Nearest Star: The Surprising Science of Our Sun by Leon Golub and J. M. Pasachoff
Finished reading on January 7th, 2014
“Nearest Star” is as the title suggests (surprise – surprise!) about the Sun. In the past few months I’ve read two other books about the sun Christopher Cooper’s “Our Sun” and Pal Brekke’s “Our Explosive Sun”, which are both visually very good books and the content matches the visual sign and is good.
Some how with each next book I find that there’s something else that I did yet not know about (hmm… maybe that’s why you can’t be an expert on something that you’ve read just one book about? There’s something there…).
One of the important parts in this book is observing the sun – how to go about doing it, what methods there are, etc. Although it’s a standard part to have in a book about the Sun, I didn’t know before that several solar telescopes have interiors that are basically vacuum chambers because otherwise the air in the telescope would heat up and cause the air to move about hence ruining the image. Somehow I’ve never come across that before.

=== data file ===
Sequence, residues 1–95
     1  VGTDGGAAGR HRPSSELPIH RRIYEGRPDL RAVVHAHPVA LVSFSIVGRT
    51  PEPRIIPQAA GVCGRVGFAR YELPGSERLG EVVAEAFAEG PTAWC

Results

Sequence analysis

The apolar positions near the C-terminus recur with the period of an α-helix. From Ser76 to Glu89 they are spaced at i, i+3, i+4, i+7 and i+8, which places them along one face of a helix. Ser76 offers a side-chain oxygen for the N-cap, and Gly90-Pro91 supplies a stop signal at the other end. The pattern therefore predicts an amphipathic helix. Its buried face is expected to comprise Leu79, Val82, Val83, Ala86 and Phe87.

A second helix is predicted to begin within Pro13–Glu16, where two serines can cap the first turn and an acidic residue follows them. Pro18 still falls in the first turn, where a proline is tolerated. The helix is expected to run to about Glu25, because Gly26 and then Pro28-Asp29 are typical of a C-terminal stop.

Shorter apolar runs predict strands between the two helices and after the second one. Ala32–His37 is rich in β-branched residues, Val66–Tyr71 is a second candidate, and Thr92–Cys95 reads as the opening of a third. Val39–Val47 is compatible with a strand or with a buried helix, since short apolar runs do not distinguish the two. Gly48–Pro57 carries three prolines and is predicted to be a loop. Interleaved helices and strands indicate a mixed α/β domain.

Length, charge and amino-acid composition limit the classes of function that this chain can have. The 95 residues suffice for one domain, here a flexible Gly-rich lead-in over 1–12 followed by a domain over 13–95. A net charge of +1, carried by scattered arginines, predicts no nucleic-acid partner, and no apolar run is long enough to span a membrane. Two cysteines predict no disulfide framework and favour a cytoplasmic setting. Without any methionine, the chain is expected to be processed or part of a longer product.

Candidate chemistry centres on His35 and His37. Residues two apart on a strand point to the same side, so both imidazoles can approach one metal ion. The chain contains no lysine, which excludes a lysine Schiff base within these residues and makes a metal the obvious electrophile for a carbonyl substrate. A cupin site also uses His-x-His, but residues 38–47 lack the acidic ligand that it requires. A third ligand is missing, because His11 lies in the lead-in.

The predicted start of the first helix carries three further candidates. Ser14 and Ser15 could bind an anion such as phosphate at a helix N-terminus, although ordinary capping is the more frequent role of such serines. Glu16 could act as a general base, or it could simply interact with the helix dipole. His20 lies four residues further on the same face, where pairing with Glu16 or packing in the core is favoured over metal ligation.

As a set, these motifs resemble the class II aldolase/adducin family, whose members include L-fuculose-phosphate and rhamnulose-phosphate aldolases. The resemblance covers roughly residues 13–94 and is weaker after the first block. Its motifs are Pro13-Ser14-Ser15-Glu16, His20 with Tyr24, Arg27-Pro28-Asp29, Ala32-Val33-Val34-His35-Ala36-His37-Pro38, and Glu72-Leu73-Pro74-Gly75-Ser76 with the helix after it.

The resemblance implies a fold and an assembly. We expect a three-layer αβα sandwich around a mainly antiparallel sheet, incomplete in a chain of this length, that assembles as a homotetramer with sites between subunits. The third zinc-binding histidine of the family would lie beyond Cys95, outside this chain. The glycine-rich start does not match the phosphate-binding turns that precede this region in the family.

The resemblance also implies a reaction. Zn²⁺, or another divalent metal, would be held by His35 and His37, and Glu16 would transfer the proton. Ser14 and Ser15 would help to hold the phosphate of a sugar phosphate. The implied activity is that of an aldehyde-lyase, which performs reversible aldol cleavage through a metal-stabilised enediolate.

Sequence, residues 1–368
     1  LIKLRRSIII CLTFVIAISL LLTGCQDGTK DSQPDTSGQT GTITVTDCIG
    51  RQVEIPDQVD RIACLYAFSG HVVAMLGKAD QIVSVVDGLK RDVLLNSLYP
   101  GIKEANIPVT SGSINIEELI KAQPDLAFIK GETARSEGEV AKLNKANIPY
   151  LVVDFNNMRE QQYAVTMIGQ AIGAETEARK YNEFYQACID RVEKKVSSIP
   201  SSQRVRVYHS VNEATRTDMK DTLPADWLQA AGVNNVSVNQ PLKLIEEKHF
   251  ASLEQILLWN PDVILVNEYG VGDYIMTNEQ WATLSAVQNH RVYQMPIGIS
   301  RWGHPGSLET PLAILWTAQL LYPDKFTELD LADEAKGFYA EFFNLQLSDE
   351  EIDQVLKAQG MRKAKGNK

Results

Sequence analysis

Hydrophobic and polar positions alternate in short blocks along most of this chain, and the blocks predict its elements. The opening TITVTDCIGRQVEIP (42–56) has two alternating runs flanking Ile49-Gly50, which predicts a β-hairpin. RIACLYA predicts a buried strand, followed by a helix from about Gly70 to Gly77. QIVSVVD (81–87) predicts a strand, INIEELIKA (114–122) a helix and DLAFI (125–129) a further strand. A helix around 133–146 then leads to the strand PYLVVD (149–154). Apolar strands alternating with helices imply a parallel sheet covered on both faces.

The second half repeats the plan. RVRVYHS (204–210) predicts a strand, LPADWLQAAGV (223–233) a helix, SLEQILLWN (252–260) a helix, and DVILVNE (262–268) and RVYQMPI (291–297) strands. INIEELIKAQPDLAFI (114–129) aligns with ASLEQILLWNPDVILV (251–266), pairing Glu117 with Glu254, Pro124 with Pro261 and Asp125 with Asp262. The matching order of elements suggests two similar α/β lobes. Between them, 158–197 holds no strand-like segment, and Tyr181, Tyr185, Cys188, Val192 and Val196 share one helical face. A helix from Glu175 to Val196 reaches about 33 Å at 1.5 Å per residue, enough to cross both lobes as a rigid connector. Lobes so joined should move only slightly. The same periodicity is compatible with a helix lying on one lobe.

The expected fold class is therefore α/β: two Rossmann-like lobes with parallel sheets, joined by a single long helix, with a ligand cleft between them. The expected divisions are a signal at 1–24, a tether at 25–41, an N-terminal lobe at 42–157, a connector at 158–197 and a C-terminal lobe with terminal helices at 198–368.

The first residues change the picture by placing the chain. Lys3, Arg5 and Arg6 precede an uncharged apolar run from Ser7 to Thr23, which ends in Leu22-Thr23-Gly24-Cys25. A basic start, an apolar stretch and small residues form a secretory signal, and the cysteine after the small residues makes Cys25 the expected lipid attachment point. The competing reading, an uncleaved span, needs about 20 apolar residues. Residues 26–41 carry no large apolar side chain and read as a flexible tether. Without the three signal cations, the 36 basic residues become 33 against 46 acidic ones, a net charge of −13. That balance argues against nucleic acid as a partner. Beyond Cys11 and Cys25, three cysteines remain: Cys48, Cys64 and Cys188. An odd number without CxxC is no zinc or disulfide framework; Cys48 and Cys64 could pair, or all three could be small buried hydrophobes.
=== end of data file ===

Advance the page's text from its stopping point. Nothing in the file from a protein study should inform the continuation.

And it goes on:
But what else can one find out in this book?
Well naturally there’s an introduction to the physical aspects of the Sun and you can read about different ideas that astronomers had about how the Sun produces energy.
Then there’s the observational part – what can be observed and from where and why it should be observed?
Then you can find out a bit about the structure of the Sun, about eclipses and finally different space missions like Hinode, IMAGE, SDO and others that are observing the Sun, but also about space weather, how it’s important and whether or not changes in the Sun are causing Earth’s climate to change or not.
So all in all it’s a comprehensive guide to the Sun, and what is known about it and what is left to be found out.
I enjoyed this book in it’s e-galley format, so it didn’t have many of the figures and schematics, which will probably give a lot more to the book.
I received this book for review purposes via NetGalley.